Friday, 2 July 2010

Part-ownership of a spaceship, going carbon negative and recycling on Lambeth housing estates

The consensus is that prices are rising once again in London, such that owning a property is beyond the reach of many citizens.  Help, however, is at hand in the form of a part-ownership eco-spaceship.  Head over to the Beaconsfield Gallery (22 Newport Street, SE11) where an installation, exploring the contradictions and difficulties of building a utopia, will be constructed in the form of  a Spaceship Earth eco-structure.  You can buy a slice at a rather reasonable £1 per share, but it's unclear exactly what you'll get for your money!  

The Beaconsfield spaceship project is collaborative, and the artists require donations of works relating to utopias.  In addition, you can take a picture of yourself outside your house with lots of unwanted goods, and email it to the organisers.  There is a whole host of free workshops on offer, but participants are encouraged to bring something (or offer a service) in exchange for attendance.

Events which still have to take place are as follows (info lifted from the Spaceship Earth project on the Beaconsfield website).  I'm wondering about attending the vegan chocolate one on Sunday!

Thursday 1 July 6-8 pm
Creative Writing Workshop with Sarah Butler
Saturday 3 July 2-4 pm
Immigration Law for Sale? with Barry O’Leary and Tim Barnden
Sunday 4 July 2-4 pm
Raw Chocolate Demo with Laura Coxeter
Tuesday 6 - Thursday 8 July 11-5 pm
Eco-Build: Rammed Earth with Mark Pavey and friends
Friday 9 - Sunday 11 July 11-5 pm
Eco-Build: Living Roof with Mark Pavey and friends

On a related note, there is an interesting project that seems to be taking place within SE11 at the Bowling Green Street pub (yup, the one that was meant to be turned into housing, but got turned down by Lambeth Council).  Some of the people currently based(?) there are advocating the possibility of living a carbon negative lifestyle, in which communities learn to be self-sufficient.  The group advocate the change of planning laws to enable the building of Eco-villages (I'm unclear about how this would work in densely populated Lambeth) and also put forward some ideas about how to improve the quality of soil (and thus increase its capacity for food growth) through a method called Biochar.  I'm afraid it's all rather unwieldy to go into here, but they have a GrowUp website that provides further info.  Apparently, they're willing to explain it all in the form of an exhibition, where films and music will illustrate what they're talking about, and it's on every Thursday.   Might be worth checking their website first as it looks a little adhoc.

Finally, on a more practical note, Lambeth Council are embarking on a bid to the London Waste and Recycling Foundation.  They need some ideas and proposals for various projects to run locally.  If successful, I think they'd be allotted some money to encourage additional recycling on Lambeth council housing estates.  I believe we discussed this matter here about a year ago, when one commentator wrote insightfully that he thought residents on local estates would be encouraged to recycle more effectively were better signage provided on the recycling bins.  I wonder whether, with many residents not having English as a first language, some investment should go into providing literature in a number of different languages.  Unfortunately... the one type of project that this particular bid does not support is that which relates to communications, "this includes doorstepping, leafleting, community outreach, literature", which leaves the Council requesting proposals for:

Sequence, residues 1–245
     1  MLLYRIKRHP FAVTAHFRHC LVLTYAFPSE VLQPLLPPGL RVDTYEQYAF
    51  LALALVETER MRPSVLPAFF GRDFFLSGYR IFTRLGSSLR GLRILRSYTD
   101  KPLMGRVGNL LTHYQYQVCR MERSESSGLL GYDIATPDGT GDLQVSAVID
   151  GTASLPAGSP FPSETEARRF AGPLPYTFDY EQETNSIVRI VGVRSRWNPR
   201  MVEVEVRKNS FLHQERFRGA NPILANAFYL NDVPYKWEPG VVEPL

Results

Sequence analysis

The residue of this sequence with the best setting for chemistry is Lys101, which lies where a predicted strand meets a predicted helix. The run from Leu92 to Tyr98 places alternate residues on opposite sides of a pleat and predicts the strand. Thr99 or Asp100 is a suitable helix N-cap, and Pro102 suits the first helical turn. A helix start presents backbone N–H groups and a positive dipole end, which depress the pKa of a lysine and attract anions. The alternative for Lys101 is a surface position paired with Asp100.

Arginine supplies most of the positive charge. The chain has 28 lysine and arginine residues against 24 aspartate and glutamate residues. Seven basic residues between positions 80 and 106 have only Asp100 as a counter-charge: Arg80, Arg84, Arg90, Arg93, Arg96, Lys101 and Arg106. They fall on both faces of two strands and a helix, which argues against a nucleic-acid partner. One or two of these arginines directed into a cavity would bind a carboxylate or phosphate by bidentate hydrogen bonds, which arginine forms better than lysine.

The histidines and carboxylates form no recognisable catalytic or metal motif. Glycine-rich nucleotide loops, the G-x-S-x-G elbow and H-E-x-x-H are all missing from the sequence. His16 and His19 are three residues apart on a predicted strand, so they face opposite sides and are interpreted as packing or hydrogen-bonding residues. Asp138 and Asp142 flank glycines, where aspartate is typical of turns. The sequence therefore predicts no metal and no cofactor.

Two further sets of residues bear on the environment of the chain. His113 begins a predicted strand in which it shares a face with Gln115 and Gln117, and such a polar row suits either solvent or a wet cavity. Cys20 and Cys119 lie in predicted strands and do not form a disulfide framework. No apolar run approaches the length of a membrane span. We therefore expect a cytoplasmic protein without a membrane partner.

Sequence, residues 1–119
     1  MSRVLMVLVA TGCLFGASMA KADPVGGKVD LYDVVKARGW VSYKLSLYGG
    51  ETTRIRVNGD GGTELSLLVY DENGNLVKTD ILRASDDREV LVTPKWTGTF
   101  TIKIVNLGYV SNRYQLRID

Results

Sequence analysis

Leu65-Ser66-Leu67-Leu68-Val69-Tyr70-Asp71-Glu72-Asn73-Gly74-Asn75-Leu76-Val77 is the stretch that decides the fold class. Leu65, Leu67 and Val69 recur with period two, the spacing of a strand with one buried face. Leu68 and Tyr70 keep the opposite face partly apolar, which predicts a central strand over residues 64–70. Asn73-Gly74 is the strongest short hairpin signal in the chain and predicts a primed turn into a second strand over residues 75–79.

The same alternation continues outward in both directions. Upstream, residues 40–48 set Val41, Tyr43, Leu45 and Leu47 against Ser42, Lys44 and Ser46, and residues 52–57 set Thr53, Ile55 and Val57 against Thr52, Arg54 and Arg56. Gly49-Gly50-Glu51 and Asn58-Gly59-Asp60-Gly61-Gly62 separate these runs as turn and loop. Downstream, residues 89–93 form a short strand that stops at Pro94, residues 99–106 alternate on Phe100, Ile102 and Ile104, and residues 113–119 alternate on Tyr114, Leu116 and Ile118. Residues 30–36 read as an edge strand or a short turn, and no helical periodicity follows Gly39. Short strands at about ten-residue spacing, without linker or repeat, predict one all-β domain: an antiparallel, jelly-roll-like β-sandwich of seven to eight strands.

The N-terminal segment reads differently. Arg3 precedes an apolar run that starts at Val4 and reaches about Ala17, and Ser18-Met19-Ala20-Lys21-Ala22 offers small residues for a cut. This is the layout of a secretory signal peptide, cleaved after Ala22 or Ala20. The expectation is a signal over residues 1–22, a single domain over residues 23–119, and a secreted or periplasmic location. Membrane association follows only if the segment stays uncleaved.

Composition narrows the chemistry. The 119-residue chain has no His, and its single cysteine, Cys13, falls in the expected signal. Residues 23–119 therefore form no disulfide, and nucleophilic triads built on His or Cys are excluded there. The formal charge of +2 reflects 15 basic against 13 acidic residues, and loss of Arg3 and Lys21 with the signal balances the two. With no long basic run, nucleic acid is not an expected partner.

* Small-scale composting
* New or improved bin chambers
* Dropped kerbs that will enable the recycling provision to be increased or improved
* Incentive schemes
* Chute conversions (to recycling, where there are two chutes side by side)

Do readers have any ideas along these lines for local estates in the area?  Do you live on or have friends who live on local estates that might benefit from these types of changes?  I'm not entirely sure how I've come to be consulted on such matters, but I'm really impressed by Lambeth Council's recycling commitment, so I think it's well worth giving them input where possible.

1 comment:

powkin said...

This is definitely a problem on the Ethelred Estate. I live on the 4rd floor of my block and to get to the nearest large recycling bins it is a long walk with big bulky items... and when you get there the bins are often overflowing.

The recycling amenities on the estate seem to be very sparse, 2 large industrial bins seemingly being shared between 4 or 5 blocks (including the private flats on the edge of the estate).

There definitely needs to be:
1) Better signage to the recycling blocks
2) More bins

I like the chute conversion idea, however, They are so small that many items will not fit down the chute so you still need the space to put big bulky items.

I find the bin chutes one of the worst areas of the estate. They often stick and flies just love to collect round them. Would be great if these communal stair wells and chutes could be brightened up. It is a very unwelcoming environment.

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